Acceptance is the starting place for kids with special needs, it’s not ‘all they want’. We do children a disservice by pretending otherwise. Instead of oversimplifying their challenges in honor of a fake national cause week, I think we could do more good by spreading awareness of foundations that work to help children with special needs. Isn’t allowing these organizations to share their message preferable to presuming what kids with special needs really want?

I know this is a bit of a hot-button topic. But I think it’s important to open it up for discussion and challenge people to really examine what those with special needs want from us and how we can best serve them. These are my thoughts as both a veteran teacher and someone who has experienced learning disabilities and mental illness within my family.  What are your thoughts? Do you think special needs kids ‘only want acceptance’?

Angela Watson

Founder and Writer

Angela created the first version of this site in 2003, when she was a classroom teacher herself. With 11 years of teaching experience and more than a decade of experience as an instructional coach, Angela oversees and contributes regularly to...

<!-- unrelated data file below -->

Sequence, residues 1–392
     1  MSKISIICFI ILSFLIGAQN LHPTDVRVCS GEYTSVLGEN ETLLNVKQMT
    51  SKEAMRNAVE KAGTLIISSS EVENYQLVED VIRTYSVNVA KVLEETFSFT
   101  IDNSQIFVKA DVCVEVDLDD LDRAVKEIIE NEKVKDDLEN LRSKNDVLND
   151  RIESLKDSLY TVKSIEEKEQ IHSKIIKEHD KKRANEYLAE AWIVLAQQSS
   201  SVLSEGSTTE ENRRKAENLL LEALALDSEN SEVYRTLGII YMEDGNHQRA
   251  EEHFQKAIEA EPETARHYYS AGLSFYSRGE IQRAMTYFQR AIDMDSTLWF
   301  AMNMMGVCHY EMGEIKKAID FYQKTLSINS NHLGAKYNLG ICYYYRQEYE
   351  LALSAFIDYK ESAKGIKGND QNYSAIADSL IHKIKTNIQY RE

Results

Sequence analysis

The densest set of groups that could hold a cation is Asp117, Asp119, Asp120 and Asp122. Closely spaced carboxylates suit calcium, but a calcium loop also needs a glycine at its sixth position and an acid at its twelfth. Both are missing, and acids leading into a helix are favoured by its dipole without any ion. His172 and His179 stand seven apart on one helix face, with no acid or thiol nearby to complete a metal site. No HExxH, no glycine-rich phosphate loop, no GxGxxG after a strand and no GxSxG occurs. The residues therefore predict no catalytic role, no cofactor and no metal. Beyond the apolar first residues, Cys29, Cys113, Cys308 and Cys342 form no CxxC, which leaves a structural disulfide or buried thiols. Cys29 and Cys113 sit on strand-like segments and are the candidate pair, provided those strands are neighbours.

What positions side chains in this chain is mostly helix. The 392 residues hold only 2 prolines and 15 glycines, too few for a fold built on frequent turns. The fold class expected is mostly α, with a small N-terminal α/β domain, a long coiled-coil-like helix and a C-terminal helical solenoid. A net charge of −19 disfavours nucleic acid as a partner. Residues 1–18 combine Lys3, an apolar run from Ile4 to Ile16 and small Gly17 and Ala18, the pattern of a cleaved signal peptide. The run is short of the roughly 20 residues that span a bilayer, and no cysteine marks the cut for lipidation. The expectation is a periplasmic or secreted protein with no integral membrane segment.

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  1. Angela, I couldn’t agree with you more. I have been an inclusion teacher for 5 years, having worked with students with various learning disabilities as well as emotional disabilities. If teachers decided to simply “accept” these students, they would never progress in anything. Every child, with or without a disability, needs acceptance, but more often these students want coping strategies and someone who can meet them where they are and then push them further (academically, socially, and every other way possible).

    1. “If teachers decided to simply “accept” these students, they would never progress in anything.” That’s an excellent point, Michelle. It makes me think about how It’s sometimes tempting sometimes as teachers to let our acceptance of special needs kids slide into making excuses for them…or for why we don’t need to do anything extra to support them. We have to always be striving to improve and help our kids improve. We can accept who they are and where they’re at, but we need to always be challenging them to reach for more.